How to Study for Different Subjects
By Kathy Wang
With the busy schedules that students at HB have, it can be hard to find a way to study efficiently. This guide will teach you my personal experiences in how to study for your favorite subjects!
There are three main forms of testing in English:
- Vocab Quizzes
QUIZLET IS YOUR BEST FRIEND!! I LOVE Quizlet, it such a good method to study tedious memorization concepts. For me, the most helpful version is the “Write” task, where you are either given the definition and you have to write the word, or vice versa. It makes sure you get down the definition to the very last word (unless you spelled something wrong or got the general gist of the definition, then you can use the “Override” function!).
- Grammar Quizzes
Grammar quizzes tend to be easier since you can usually rely on how you speak to determine the correct form of grammar. However, if it’s a quiz where you have to underline the subject or verb, or point out examples of certain grammar concepts, its best to go over the concepts so that you understand how certain phrases or grammatical rules are used.
- Book Quizzes/Tests
These are kind of hard to study for, just make sure you know the general plot, themes, and characters of the book and hopefully you’ll be fine!
Biology relies a lot on memorization and understanding of the body and its processes. Try writing down each step of different cycles multiple times to force the memorization, and use Quizlet to memorize specific terms and their meanings.
Look over your notes and redo all your quizzes and worksheets! If you have time, condense your notes so you know what the main important points of the unit are. If you have to memorize certain structures, write out the name of them and draw them out to quiz yourself. To memorize elements and their ions, you can use Quizlet or physical flashcards.
A lot of Physics is math-based word problems. Go through any notes to memorize the basic concepts but also redo problems to know the process of problem-solving for a specific type of problem.
Whether you are studying Spanish, French, Chinese, or Latin, there are always three common types of tests:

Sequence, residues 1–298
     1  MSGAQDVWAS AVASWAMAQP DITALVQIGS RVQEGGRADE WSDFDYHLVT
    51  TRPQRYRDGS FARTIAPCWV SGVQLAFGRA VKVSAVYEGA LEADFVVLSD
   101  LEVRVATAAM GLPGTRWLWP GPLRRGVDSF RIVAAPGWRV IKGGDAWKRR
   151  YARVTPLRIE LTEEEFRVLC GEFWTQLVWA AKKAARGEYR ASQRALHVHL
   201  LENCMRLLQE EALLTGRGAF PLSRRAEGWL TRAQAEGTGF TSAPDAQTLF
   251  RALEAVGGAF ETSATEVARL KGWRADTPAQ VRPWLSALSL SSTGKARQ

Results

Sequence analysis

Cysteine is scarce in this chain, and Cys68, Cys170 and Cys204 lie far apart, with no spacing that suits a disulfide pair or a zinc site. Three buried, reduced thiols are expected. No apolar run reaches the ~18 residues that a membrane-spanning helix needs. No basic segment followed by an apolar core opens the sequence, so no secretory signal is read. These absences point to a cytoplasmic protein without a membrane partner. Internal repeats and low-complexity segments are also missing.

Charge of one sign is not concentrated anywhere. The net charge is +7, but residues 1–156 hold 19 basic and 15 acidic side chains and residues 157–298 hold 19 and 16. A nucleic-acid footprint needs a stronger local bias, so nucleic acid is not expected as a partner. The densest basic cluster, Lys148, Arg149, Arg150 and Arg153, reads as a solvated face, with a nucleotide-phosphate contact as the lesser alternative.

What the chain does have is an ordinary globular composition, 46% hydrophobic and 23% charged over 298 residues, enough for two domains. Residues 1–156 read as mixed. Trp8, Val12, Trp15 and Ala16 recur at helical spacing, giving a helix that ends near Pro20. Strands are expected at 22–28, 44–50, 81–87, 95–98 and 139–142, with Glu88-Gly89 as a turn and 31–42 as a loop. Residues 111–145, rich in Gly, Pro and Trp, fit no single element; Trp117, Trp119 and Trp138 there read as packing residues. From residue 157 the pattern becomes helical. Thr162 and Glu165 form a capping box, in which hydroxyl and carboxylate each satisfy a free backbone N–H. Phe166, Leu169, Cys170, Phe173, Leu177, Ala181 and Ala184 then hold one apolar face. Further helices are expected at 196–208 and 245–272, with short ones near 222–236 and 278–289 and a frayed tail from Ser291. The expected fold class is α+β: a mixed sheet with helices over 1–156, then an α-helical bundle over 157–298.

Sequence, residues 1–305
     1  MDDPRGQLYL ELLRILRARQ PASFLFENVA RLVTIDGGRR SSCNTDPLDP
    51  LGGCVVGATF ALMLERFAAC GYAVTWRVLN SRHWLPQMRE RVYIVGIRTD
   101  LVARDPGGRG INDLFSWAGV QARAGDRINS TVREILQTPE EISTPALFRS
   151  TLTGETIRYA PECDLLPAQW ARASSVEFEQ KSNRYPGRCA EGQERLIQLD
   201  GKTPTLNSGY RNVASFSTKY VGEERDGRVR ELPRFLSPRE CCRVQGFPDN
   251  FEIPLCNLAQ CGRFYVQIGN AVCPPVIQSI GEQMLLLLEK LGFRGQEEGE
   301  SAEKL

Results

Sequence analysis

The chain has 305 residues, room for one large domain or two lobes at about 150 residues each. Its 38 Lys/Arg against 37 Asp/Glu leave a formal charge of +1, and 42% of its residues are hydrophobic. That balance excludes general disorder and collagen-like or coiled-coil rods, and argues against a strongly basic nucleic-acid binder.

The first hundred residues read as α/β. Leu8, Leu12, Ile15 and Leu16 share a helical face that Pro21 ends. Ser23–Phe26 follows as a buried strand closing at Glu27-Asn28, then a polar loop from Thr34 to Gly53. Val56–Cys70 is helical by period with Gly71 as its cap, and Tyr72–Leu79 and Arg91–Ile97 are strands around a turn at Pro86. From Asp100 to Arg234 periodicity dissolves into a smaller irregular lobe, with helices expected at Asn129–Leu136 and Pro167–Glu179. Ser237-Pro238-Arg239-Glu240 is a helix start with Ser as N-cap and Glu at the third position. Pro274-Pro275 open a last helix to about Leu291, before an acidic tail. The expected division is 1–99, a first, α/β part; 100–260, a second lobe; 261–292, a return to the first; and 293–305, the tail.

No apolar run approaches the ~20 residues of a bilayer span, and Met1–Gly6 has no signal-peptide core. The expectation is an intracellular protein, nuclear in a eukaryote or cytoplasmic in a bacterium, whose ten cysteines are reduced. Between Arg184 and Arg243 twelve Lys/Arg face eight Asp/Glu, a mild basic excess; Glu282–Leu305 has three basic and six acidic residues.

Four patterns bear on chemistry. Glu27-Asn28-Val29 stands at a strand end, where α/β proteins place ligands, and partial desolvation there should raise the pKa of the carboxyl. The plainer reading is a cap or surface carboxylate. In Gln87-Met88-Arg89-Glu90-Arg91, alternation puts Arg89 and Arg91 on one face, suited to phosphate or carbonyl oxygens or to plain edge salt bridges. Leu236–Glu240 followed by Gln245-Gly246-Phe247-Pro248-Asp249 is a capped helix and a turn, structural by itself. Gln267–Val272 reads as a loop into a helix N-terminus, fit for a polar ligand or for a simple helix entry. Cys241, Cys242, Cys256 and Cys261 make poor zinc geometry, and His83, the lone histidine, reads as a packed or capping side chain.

Just like when studying for English, Quizlet is your best friend! However, if the term and definition are both in the language, make sure that you know what it actually means and that you aren’t just memorizing a random term in a different language.
A huge part of grammar in languages are different verb conjugations and making sure where certain words (adjectives, adverbs, etc) should go in a sentence. Make sure to memorize the exceptions to certain grammar rules! There should always be quizzes you can search up in google to test yourself on certain concepts, but if you can’t find any good ones, you could always redo any homework or worksheets that the teacher has given to you!
- In-Class Essays
These are always the hardest since you only have one class period to write a whole essay in another language! If the teacher lets you bring a notecard to class, write down your outline for your essay and if you have any extra room, write down some common transition phrases or conjugations to verbs that you always forget. If the teacher doesn’t let you bring a notecard, GOOD LUCK. You should still try to brainstorm an outline the night before, but try to memorize your main points so you’ll at least have a sense of what you want to write your essay about.
Although math seems simple in terms of how 2+2 will always equal 4 and that answers aren’t up to whether teachers like your writing style, math can still be difficult to understand. Make sure that you truly understand the concept and aren’t just memorizing how to do certain problems, so that if a particularly hard problem is thrown at you on the test, you’ll be able to do it! Usually class notes are pretty helpful since they provide you with example problems that you can redo, but if you don’t understand a certain concept, read the book! The explanation section before where the homework problems start can be very helpful and break down the concepts by starting off with more basic examples.
History is all memorization, and that can be hard to study for without wanting to give up and rip up all of your notes in anger. Start first by keeping your notes intact!! Take your frustration and turn it into determination to memorize all of the historical events. Look over your class notes to know what the most important concepts are. If your teacher has given you a study guide or a list of what will be on the test, use that to study. Go down the list of events and make your own study guide by writing down the important facts (what happened, what led to this event, why were people inclined to do this, etc.). If there’s a mapping section, print out a blank map and put it in a sheet protector, then use an expo marker to write over it.
Although there are many ways to study for different subjects, these are just ways of studying that have worked for me! Hopefully some of these will help you, but even if they don’t, good luck on any future tests!